OK

First, a story from Kaiser Health News

Many doctors are disturbed they will be paid less -- often a lot less -- to care for the millions of patients projected to buy coverage through the health law’s new insurance marketplaces.

Some have complained to medical associations, including those in New York, California, Connecticut, Texas and Georgia, saying the discounted rates could lead to a two-tiered system in which fewer doctors participate, potentially making it harder for consumers to get the care they need.

I saw this story posted over at Corrente Wire. In the comments, Dromaius, who's been extremely informative on the whole issue of narrow networks and did this helpful survey of the dearth of specialists offered on plans in her state, chimes in with her 2 cents:
I've been saying this all along. Obamacare and its narrow networks have given insurance the power to run the show. It's extortion.

And I've been saying that it's not that those evil hospitals and providers aren't cooperating. It's that insurers are paying less in reimbursements, sometimes a whole lot less than they do with traditional plans. They frequently pay less than Medicare which is already reimbursed pretty low. And unlike Medicare/Medicaid, the reimbursements are NOT regulated.

In my state, the only way insurance companies would agree to participate on the Exchange is if they could offer narrow network plans. I believe that when insurance says they are "under pressure," they are lying.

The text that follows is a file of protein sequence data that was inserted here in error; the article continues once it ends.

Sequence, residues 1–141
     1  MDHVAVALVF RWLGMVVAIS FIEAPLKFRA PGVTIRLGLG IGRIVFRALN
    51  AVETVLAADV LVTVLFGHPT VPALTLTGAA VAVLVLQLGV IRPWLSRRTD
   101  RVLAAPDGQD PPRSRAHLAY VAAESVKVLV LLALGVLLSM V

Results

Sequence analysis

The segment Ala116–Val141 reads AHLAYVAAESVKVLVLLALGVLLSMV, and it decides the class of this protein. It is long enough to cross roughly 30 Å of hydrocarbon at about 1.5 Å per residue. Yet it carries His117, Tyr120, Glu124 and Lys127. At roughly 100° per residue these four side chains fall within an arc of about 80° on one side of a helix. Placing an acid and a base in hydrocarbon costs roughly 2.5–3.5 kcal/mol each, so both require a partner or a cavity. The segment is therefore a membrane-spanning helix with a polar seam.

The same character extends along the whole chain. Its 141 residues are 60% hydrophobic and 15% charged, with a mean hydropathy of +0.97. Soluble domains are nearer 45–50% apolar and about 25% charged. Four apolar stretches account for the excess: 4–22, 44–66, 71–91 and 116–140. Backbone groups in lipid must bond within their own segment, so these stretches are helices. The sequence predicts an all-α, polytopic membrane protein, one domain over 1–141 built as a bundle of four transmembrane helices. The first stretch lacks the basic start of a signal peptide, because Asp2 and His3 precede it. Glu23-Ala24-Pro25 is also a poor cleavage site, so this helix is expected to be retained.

The Kaiser article backs up her claim about lower reimbursement rates:
Physicians are uncomfortable discussing their rates because of antitrust laws, and insurers say the information is proprietary. But information cobbled together from interviews suggests that if the Medicare pays $90 for an office visit of a complex nature, and a commercial plan pays $100 or more, some exchange plans are offering $60 to $70. Doctors say the insurers have not always clearly spelled out the proposed rate reductions.
This should be surprising. We already know insurance companies are shifting costs onto consumers, per Olenick's spreadsheet of Exchange plan payouts, we shouldn't be surprised they're also shifting costs onto doctors.

Insurance costs are going to continue to rise in this country over the long term (assuming the economy improves). They're already way higher than any other industrialized nation. The reason is clear: the health industry (including not only insurance but also pharmaceutical and medical device companies) is extracting massive profits. The Affordable Care Act bargained away any chance of controlling this rentier behavior, and so it's only chance to control costs comes from shifting them onto us.

We shouldn't have let this happen. We shouldn't continue to let this happen. We need to remove profit from the field of human health; market forces, even if you believe in their efficacy, aren't going to come into play when one economic actor is bargaining for their life. People will pay anything to save their lives or the lives of their loved ones and so, if you allow the bandits-in-suits that make up the for-profit health complex take advantage of them, they will.

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